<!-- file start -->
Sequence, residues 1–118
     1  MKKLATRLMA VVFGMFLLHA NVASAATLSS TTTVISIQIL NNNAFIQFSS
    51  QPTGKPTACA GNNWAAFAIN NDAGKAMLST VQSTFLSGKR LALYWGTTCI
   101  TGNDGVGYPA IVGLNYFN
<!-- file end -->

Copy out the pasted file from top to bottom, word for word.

Sequence, residues 1–118
     1  MKKLATRLMA VVFGMFLLHA NVASAATLSS TTTVISIQIL NNNAFIQFSS
    51  QPTGKPTACA GNNWAAFAIN NDAGKAMLST VQSTFLSGKR LALYWGTTCI
   101  TGNDGVGYPA IVGLNYFN